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Prestwick Golf Club hosted its 24th and last Open Championship in 1925. Only St Andrews has hosted more Open Championships than Prestwick.
In 1851, a 12-hole course was founded at Prestwick Golf Club with Old Tom Morris as “Keeper of the Green”. Nine years later in 1860, the British Open Championship was born and didn’t move away from Prestwick until it went to St Andrews in 1873. The Open has been hosted here no fewer than 24 times, although the most recent championship was held in 1925. St Andrews is the only venue to have hosted more Opens than Prestwick and obviously the Old Course is still on the Open circuit.
The first eleven Opens were contested for a red Moroccan belt, which was won outright by Young Tom Morris after he successfully won three consecutive titles between 1868 and 1870. There was no Open Championship in 1871 because there was no trophy to play for until the Claret Jug was purchased for £30 and offered for annual competition in 1872. Ironically Young Tom Morris was the first winner of the Claret Jug. Six more holes were added to Prestwick’s original 12-hole layout in 1883.
The course is a traditional monument, an authentic affair with a layout of holes that snake to and fro through rugged dunes and rippled fairways. There are numerous blind holes and cavernous sleepered bunkers with wooden steps to take you down to the bottom. The greens are notoriously firm and fast – some are hidden in hollows whilst others are perched on raised plateaux. The majority are quite small and all of them have wicked borrows to negotiate.
One of Prestwick’s great strengths is the quality and variety of the holes. The 1st is one of the most intimidating holes in golf, a par four called “Railway”. The railway tracks run all the way down the right-hand side of the hole, waiting to gobble up a right-hander’s slice. The 3rd is a short par five (stroke index 1) called “Cardinal” and is famous for its deep, deep bunker, propped up by railway sleepers. The 5th is a blind par three called “Himalayas” – your tee shot must carry over a huge sand dune.
Perhaps Prestwick's most famous hole, which C.B. Macdonald replicated at the National Golf Links of America, is the 17th, Alps, which Darwin described as; "The most spectacular blind hole in all the world."
There are so many great things to say about Prestwick. The best thing to do is to play the course and judge it for yourself. Every student of golf course architecture simply has to tick this one off their list.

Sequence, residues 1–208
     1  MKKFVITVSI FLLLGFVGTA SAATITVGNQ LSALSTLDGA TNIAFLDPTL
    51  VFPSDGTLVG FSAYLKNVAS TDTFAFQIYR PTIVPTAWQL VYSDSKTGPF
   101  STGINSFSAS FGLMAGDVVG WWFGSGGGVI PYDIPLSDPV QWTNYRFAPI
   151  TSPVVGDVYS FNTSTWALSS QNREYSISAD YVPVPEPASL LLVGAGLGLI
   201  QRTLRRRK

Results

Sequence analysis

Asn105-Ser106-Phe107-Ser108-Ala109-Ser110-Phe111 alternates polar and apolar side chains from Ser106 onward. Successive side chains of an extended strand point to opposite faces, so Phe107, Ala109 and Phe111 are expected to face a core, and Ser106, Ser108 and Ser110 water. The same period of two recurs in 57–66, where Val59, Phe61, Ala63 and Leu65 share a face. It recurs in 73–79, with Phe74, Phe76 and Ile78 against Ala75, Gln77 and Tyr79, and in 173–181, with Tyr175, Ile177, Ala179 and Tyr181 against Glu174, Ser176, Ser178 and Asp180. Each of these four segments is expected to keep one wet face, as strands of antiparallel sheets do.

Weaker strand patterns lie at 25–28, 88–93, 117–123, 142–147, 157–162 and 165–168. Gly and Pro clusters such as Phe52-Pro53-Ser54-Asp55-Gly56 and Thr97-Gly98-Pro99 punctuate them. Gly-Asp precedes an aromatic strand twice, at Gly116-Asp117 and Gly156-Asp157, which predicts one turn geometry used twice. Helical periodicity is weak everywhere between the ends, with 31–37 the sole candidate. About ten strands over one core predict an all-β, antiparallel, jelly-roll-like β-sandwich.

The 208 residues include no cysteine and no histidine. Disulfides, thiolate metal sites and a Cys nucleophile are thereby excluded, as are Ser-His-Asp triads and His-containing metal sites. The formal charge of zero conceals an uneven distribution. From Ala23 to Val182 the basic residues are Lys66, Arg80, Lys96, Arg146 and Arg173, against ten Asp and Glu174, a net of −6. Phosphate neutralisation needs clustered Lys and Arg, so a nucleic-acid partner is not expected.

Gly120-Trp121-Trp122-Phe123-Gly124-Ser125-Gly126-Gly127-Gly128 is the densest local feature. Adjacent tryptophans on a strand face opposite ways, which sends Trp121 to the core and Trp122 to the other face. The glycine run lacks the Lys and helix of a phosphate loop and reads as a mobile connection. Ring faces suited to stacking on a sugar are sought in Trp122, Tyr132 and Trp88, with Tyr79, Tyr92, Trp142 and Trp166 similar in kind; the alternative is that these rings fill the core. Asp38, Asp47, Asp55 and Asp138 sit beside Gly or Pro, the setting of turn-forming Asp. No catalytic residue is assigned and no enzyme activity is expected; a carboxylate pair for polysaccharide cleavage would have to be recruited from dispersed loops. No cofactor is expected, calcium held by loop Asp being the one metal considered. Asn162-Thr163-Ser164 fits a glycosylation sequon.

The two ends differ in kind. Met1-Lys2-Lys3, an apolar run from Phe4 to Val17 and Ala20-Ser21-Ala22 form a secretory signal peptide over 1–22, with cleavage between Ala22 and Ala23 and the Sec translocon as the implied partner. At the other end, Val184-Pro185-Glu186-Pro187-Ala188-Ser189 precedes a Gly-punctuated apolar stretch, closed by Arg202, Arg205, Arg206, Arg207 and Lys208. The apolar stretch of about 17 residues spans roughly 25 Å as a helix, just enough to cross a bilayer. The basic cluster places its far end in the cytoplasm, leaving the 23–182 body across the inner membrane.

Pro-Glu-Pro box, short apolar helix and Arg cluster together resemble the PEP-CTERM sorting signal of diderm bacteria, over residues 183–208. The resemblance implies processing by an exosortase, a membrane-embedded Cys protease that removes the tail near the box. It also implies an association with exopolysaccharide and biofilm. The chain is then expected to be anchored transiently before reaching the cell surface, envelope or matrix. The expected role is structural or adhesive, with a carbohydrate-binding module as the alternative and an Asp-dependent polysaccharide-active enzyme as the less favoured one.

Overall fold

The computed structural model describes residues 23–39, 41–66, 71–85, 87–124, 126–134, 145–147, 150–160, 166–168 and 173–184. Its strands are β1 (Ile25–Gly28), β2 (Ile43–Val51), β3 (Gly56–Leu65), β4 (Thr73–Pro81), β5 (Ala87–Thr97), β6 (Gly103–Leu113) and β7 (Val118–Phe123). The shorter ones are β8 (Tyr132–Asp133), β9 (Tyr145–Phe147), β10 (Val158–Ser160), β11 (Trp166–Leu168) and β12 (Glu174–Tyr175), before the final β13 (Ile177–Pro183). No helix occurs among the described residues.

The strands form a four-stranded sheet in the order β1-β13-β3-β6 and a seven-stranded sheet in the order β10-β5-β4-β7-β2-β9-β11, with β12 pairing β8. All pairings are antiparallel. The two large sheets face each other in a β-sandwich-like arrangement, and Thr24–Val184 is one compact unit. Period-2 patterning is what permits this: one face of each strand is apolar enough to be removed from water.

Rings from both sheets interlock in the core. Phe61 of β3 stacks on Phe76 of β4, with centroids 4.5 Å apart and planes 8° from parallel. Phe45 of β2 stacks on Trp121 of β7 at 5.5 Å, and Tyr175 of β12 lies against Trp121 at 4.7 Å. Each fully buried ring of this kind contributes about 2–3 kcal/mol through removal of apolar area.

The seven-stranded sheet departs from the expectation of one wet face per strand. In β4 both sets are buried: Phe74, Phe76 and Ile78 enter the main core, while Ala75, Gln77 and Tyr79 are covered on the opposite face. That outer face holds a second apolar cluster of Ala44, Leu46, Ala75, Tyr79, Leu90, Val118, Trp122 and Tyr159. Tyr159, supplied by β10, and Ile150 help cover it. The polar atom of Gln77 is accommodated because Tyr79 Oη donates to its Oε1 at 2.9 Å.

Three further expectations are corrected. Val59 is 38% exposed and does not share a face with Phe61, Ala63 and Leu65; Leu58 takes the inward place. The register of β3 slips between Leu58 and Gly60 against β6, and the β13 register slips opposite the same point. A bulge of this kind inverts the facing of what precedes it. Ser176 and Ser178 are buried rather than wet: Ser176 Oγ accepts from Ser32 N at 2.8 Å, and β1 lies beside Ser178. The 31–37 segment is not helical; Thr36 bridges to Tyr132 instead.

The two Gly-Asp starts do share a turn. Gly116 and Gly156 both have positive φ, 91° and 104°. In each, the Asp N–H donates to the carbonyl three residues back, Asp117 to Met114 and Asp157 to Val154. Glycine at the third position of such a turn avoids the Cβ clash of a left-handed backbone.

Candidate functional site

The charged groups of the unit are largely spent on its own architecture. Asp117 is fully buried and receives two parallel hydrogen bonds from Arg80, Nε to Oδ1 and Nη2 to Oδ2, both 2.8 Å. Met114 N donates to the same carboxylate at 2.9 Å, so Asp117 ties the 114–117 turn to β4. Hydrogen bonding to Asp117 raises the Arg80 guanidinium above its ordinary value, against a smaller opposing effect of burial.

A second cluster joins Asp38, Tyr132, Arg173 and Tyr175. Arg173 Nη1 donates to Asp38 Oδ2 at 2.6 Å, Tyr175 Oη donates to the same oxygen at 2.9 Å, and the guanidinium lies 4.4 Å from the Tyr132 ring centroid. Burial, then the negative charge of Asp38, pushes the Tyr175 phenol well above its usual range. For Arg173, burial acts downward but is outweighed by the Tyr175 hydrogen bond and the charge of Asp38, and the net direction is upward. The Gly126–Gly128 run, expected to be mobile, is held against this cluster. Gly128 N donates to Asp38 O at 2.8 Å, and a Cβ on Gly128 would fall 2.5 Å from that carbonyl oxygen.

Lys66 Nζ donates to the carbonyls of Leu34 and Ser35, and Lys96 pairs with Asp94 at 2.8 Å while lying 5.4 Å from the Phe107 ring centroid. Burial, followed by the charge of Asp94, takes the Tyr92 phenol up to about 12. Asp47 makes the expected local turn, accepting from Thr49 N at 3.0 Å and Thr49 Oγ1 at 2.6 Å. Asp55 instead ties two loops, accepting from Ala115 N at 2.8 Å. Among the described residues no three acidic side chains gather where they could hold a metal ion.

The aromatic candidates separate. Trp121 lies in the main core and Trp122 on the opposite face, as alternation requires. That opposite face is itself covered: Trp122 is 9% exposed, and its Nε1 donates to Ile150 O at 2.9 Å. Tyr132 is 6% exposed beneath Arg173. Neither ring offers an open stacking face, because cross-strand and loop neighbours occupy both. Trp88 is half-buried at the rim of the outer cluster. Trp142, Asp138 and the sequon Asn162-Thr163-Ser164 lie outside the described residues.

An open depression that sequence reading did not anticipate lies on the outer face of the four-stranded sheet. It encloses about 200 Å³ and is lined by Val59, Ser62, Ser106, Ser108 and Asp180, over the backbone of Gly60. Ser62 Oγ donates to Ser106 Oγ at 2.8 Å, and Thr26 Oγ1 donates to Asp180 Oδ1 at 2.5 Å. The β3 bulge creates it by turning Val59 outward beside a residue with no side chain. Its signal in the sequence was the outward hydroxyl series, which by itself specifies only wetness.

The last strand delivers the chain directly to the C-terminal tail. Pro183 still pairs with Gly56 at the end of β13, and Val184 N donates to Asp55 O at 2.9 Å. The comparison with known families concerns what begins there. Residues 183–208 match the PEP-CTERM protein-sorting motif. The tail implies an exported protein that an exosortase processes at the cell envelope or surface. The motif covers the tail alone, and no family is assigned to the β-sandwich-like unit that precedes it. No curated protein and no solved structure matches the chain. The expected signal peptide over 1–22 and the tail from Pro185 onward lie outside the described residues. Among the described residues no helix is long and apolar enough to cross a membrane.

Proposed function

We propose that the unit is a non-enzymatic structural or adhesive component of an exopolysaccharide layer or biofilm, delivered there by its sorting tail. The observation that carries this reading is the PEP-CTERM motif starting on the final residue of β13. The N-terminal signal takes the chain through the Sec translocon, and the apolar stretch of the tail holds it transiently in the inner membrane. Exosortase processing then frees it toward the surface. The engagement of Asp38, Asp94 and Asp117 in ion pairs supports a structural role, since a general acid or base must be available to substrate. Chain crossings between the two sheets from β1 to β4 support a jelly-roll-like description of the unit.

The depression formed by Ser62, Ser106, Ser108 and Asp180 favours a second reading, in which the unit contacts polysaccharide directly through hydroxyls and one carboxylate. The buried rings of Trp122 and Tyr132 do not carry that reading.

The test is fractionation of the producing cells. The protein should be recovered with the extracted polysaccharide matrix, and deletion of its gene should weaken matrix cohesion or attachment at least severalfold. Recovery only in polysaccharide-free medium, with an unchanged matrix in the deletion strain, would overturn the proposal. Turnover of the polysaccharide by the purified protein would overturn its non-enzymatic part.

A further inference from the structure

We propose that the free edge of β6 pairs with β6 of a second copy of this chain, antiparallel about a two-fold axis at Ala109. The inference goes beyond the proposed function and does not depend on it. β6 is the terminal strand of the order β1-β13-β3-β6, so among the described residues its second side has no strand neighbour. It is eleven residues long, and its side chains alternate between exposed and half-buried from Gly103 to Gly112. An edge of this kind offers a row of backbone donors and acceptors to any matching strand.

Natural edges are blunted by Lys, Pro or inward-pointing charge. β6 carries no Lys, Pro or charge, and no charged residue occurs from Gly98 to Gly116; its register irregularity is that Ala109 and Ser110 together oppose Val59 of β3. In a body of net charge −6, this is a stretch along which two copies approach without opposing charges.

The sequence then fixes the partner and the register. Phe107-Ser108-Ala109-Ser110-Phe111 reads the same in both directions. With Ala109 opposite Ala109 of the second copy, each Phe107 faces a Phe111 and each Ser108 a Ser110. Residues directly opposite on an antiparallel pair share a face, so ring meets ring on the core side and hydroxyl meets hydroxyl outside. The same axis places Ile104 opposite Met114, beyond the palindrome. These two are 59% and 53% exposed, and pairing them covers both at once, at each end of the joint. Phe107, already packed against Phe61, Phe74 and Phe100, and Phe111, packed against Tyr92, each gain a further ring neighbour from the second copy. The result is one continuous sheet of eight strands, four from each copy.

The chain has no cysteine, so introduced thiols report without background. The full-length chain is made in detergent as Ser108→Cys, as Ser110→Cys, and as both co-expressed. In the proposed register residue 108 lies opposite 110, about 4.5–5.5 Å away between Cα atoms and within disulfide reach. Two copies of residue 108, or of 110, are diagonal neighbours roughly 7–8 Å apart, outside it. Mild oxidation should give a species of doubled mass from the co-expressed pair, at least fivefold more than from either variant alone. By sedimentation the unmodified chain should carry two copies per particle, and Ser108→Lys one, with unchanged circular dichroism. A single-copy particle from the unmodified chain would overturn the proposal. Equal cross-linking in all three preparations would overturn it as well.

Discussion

Bernard Darwin brought Prestwick to a close much better than we ever could in his book, The Golf Courses of the British Isles: “So ends Prestwick, and what a jolly course it is, to be sure!”
Being the "Birthplace of The Open Championship" certainly helped. Especially when The Open this year is in nearby Muirfield. We went to a practice round at Muirfield during our visit. Muirfield is certainly similar to Prestwick in that it rewards very well thought out shots and penalizes those that are not. Prestwick certainly tests shot making skills and has for a very long time.
Everyone we met at the course and clubhouse were great and the clubhouse oozes with history. Could picture the battles between Old and Young Tom in the early days of Prestwick as well as between the greatest golfers of the day in the Open Championship. Eating in the informal Cardinal Room after the round was a special experience. The members were also very welcoming and took a true interest in ensuring we enjoyed our stay.
The starter was great and gave us several tips on playing the course and ensured we could find our way around the course. The experience in the pro shop was also exceptional . Certainly everything about Prestwick makes me want to visit again for the challenge and experience.
The overall condition of the course was the best of all we played. The fairways were firm and in perfect condition. The greens and tees were also in pristine condition and the bunkers were numerous and could be very penal. The rough outside the first cut was very difficult and hitting the fairways with the correct distances was definitely essential.
All the holes are individually great golfing experiences and each standout on their own. The blind tee shot on the par 3 fifth (Himalayas) was great and I could envision players trying to hit over the hill in the early days. The blind 2nd shot on the par 4 17th (Alps) with the Sahara Bunker lurking short of the green was certainly a unique challenge. The (Railway) first is a great little hole that shows accuracy and precision are essential and does not need to be long to be a great. The finishing (Clock) 18th is a short hole where eagles are possible but over the green is OB and the rough on an errant shot is very difficult especially if a birdie is needed. The short par 4 15th (Narrows) lives up to its name on the tee shot with the green sloping away from you on the 2nd shot. The broadly sloping green on the par 4 13th (Sea Heading) was a pleasure to putt on.
I could go on and on about every hole but would highly recommend Prestwick for any golfer that enjoys a challenge and unique experience at the "Birthplace of The Open Championship". Click here to see a You Tube slideshow of some pictures I took during my visit. Jim Brady